If you’d told me going into Happy Death Day, a blatant Groundhog Day ripoff, that I would love it, I would have given you a dismissive look and a shrug. My expectations were skeptical at best going into this movie, but it definitely won me over. Director Christopher Landon utilizes some great visuals while crafting characters that are likable in their humanity and makes good use of the repeating day formula to showcase slasher moments intercut with character moments that make you actually care for their well being. Not to mention a story that is well structured and full of some genuine laughs.
Happy Death Day was a pleasant surprise
Tree (Jessica Rothe) wakes up on in a strange room on her birthday which will also be the day she dies. Of course, after being murdered she awakes in Carter’s (Israel Broussard) room again…and again…and again, presumably until she discovers her killer’s identity. Tree has pissed off a lot of people so there’s no telling who this stuck-up, sorority girl finally pushed over the edge.
Jessica Rothe is outstanding in this movie. She does everything right in this film. From a sentimental crying scene, that did feel a little out of place but managed to still work, to countless deaths, and even managed to break out some great comedic moments, Rothe demonstrated her star power in this movie. She has the potential in basically any genre to be the lead and carry the film. Of course, this movie is helped by the charm of Broussard who made my audience audibly sigh at multiple scenes. His coyness messed with Rothe’s initial arrogance made for a very entertaining on screen pairing.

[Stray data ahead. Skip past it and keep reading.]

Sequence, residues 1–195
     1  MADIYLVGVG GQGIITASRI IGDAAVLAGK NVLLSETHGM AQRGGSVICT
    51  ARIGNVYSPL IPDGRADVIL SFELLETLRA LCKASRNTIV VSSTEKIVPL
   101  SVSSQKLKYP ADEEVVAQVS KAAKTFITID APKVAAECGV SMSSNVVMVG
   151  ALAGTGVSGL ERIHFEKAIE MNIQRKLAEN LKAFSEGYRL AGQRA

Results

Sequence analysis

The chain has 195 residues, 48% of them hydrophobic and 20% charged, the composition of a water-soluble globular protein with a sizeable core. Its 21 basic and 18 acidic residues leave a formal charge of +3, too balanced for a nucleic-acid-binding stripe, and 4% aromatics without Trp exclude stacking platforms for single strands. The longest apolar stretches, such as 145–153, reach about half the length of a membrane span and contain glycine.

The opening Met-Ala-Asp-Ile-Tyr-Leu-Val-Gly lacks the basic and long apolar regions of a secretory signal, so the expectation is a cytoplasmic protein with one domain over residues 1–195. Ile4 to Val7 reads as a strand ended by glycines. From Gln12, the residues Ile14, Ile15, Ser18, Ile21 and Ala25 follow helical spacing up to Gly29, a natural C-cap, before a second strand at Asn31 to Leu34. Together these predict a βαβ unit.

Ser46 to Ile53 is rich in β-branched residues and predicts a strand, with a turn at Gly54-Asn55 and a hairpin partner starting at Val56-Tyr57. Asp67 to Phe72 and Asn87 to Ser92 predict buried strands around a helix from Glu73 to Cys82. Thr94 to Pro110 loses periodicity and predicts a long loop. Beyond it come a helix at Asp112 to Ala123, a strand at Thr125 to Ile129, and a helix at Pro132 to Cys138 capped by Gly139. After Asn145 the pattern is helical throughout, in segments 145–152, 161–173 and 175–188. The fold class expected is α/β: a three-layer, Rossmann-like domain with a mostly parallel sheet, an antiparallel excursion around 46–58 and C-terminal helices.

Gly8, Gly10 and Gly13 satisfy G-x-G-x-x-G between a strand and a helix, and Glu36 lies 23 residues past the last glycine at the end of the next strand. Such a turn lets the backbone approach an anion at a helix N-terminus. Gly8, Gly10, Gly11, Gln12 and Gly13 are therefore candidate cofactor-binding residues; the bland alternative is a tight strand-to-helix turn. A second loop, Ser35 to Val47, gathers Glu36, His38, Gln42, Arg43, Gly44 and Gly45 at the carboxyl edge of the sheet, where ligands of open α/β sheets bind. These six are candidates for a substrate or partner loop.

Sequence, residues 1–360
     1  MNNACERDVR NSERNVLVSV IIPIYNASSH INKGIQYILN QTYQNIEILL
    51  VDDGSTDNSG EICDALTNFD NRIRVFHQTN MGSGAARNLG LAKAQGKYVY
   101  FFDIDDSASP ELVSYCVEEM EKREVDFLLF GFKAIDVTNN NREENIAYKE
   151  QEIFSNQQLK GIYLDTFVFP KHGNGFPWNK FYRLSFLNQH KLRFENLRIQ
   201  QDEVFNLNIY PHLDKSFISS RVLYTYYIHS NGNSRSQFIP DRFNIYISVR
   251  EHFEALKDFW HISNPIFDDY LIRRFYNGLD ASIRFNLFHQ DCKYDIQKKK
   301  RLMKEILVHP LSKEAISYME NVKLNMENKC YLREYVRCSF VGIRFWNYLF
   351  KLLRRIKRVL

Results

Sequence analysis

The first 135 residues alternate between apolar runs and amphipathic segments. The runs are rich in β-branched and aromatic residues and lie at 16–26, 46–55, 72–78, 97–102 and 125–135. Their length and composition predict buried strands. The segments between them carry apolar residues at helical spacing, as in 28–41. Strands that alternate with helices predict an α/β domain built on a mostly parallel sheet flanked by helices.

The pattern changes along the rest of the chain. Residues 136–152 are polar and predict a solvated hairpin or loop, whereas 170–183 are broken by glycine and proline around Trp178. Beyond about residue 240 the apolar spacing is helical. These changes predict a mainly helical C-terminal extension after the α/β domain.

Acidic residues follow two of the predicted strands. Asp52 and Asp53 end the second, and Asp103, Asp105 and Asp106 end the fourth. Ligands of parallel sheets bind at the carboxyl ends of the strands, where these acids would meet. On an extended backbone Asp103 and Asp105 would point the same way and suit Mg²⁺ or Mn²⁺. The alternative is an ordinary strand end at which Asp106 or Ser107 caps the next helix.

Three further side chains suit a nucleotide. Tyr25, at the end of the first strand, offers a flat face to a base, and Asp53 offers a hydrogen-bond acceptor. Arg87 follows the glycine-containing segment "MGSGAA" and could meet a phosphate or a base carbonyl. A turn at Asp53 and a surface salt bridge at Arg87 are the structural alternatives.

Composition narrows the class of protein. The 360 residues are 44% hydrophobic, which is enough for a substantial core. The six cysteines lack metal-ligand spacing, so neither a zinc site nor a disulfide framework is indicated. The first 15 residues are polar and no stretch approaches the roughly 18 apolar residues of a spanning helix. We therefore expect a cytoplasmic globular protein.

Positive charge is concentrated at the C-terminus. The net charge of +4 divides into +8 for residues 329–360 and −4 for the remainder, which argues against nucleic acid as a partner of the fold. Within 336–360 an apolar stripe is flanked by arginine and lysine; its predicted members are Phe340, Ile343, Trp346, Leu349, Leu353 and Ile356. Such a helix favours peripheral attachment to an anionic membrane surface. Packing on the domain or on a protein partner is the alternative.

Some of the more stylistic shots in the film are seen in the trailer. Tree takes a baseball bat to the head and as she falls to the ground it transitions to the dorm room and Carter’s pillow. It’s a cool visual, and one of a few similar transitions. Yet, it’s Landon’s interesting use of cliché horror camera techniques for different moments in the film that are also pretty great. The dutch angles he uses in a few of the chase sequences, the fuzzy fisheye lens as she begins to lose it after the third or fourth day, and the POV shots to help sells certain moments work really well in this film.
Honestly, I never expected to be the voice of support for this film. My daughter came with me and we were both pleasantly surprised. There is a lot to enjoy in this movie and I definitely see the likelihood of rewatching it in the future. Happy Death Day earns the Not Quite Golden, Ponyboy rating.